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Thursday, 8 November, 2001, 02:52 GMT
Hawala system under scrutiny
Gold bullion
The present network grew out of gold smuggling operations
Kevin Anderson

The US has intensified its war on terrorism on the financial front, targeting an ancient, informal system of money transfers that officials believe funnelled millions of dollars to Osama Bin Laden's al-Qaeda network.

The system is known as hawala, and it has been used for hundreds of years to move money across distances and around legal and financial barriers in South Asia and the Middle East.

Dollars
Billions of dollars flow through the informal hawala system
Arab traders used it on the Silk Road to avoid being robbed, and now millions of Pakistanis, Indians and others working abroad use the hawala system to send money home to their families.

Billions of dollars flow through this informal and anonymous system, and officials believe that al-Qaeda is using the system to move money to its operatives around the world.

Difficult to trace

Typically, a transaction begins with a visit to a hawala broker.

The person wanting to send money gives the broker the sum of money to be transferred plus a fee and the name and location of the person he wants the money delivered to.


The use of hawala networks by terrorist organisations is easy and could pass unnoticed in the large bulk of 'legitimate' transactions undertaken by expatriate South Asians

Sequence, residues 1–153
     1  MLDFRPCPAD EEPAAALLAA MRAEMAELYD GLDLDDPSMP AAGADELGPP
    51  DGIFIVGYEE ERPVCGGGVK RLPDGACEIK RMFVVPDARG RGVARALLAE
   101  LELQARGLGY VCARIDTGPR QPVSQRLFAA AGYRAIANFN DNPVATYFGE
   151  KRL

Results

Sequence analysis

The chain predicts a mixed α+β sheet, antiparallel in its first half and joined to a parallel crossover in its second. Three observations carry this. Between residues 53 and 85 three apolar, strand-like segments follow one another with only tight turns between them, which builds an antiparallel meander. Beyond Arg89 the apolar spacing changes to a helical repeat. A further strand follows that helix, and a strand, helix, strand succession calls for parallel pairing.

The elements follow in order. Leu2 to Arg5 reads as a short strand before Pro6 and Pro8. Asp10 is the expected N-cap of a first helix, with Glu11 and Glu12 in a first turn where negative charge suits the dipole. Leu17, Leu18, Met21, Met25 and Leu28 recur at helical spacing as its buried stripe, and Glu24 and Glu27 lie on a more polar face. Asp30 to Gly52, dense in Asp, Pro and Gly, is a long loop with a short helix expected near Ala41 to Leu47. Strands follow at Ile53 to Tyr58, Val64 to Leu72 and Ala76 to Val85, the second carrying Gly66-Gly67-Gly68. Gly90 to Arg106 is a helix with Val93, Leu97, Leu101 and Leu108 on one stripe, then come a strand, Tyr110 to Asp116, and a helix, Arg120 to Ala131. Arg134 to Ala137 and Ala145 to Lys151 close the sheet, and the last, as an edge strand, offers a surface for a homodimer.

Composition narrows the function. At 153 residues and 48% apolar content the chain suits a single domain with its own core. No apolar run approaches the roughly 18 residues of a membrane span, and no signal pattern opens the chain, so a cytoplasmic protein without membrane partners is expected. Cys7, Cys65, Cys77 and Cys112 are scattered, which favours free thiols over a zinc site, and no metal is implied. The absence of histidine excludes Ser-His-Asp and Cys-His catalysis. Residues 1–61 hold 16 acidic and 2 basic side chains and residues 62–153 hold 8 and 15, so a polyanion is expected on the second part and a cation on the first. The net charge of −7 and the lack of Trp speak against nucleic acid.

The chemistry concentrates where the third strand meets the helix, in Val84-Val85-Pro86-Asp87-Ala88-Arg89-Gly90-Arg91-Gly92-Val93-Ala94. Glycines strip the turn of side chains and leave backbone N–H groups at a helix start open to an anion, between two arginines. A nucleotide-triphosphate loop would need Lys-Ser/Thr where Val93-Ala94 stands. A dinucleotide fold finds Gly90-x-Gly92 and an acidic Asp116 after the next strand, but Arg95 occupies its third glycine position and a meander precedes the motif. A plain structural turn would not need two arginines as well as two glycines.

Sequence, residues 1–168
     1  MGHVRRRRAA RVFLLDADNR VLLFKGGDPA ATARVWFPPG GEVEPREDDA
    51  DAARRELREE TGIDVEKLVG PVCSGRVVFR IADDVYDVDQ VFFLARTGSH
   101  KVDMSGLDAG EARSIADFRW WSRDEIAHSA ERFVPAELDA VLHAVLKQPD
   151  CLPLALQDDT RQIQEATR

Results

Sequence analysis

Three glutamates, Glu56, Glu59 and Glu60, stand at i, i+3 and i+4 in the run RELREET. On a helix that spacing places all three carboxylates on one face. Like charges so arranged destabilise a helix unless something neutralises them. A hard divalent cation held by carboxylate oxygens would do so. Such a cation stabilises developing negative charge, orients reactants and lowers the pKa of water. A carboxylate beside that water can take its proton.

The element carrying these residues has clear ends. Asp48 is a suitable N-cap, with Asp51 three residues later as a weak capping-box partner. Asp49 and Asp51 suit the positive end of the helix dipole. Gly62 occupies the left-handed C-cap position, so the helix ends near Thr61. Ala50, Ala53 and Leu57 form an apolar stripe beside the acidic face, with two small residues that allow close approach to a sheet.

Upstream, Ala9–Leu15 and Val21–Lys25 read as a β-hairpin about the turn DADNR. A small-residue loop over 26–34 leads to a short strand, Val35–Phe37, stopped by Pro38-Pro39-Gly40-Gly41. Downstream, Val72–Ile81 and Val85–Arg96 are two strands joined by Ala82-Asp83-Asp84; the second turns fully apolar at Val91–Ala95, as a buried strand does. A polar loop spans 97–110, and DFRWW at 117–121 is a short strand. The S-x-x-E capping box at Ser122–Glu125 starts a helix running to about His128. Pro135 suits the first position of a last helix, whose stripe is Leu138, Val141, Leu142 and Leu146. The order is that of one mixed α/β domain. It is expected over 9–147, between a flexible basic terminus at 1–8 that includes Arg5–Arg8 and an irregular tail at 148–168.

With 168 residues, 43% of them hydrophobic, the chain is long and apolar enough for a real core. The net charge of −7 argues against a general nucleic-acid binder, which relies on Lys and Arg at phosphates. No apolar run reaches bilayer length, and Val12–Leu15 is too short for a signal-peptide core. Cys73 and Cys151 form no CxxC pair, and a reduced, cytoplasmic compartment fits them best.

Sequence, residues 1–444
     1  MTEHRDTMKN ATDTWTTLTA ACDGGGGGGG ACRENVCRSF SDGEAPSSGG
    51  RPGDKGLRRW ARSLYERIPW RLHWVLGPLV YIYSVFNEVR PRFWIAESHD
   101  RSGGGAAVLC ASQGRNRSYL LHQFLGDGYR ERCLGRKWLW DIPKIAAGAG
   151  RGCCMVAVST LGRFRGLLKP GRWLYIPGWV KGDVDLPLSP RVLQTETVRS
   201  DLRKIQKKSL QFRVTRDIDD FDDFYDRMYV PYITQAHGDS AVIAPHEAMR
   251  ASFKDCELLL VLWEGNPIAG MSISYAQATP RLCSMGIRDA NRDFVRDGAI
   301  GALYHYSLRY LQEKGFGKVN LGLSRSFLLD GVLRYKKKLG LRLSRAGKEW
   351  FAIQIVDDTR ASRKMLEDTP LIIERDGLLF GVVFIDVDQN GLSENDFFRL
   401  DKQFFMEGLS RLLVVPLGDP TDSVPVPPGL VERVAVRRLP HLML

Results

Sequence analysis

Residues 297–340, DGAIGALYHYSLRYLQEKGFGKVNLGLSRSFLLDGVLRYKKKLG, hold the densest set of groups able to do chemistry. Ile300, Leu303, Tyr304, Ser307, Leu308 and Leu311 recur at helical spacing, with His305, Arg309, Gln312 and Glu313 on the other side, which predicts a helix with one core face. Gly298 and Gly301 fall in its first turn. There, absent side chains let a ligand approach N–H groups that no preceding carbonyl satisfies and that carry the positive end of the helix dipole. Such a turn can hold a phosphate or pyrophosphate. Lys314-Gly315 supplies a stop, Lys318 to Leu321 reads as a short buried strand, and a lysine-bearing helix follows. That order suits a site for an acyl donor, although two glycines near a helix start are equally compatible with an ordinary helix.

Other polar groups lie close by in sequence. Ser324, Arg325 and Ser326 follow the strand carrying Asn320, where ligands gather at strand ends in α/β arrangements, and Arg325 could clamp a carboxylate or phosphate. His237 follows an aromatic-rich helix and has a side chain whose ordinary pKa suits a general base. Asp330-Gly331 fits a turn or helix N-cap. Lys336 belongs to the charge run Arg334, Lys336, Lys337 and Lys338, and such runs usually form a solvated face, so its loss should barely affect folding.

Sunil Dasgupta
The broker then gives his customer a receipt. The receipts are usually nothing elaborate, often just a bit of paper.

The broker then contacts a broker in the recipient's country. The recipient contacts the local hawala broker.

While the system may be ancient, hawala brokers routinely use fax machines or the internet to communicate with other brokers.

The broker is given a code. It could be anything. It could be a string of numbers, or it could be a $5 bill with a specific serial number sent to him by his relative.

Records are kept only until the transaction is completed. Then they are destroyed.

The money does not move, either physically or electronically. Brokers dole out money from the same pool that they take it in. They make money from the fees they charge for the transactions.

The system is built on the trust between brokers, a trust built up between generations of hawala brokers.

Modern roots

While the hawala system may have ancient roots, much of the present hawala network grew out of gold smuggling operations in South Asia in the 1960s and 1970s, says Sunil Dasgupta, a foreign policy researcher with the Brookings Institution in Washington.

Fax machine
Hawala brokers routinely use fax machines or the internet
To get around gold import restrictions, smugglers used boats to ship gold from Dubai and Abu Dhabi to South Asia.

After selling the gold, they then needed to get the cash back home.

The smugglers discovered a solution in the growing population of Indians and Pakistanis working in the Gulf states.

These workers often sent money back home to their families, but if they went through official banking channels it cost more than the hawala system set up by the smugglers.

They could offer better rates because of the profits they were making on smuggled gold.

They developed an efficient system for moving money from expatriates in the Middle East, South-East Asia, the UK and even in North America to families in Pakistan and India, Mr Dasgupta said.

"The use of hawala networks by terrorist organisations is easy and could pass unnoticed in the large bulk of 'legitimate' transactions undertaken by expatriate South Asians," he said.


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07 Nov 01 | Business
07 Nov 01 | Business
22 Sep 01 | Business
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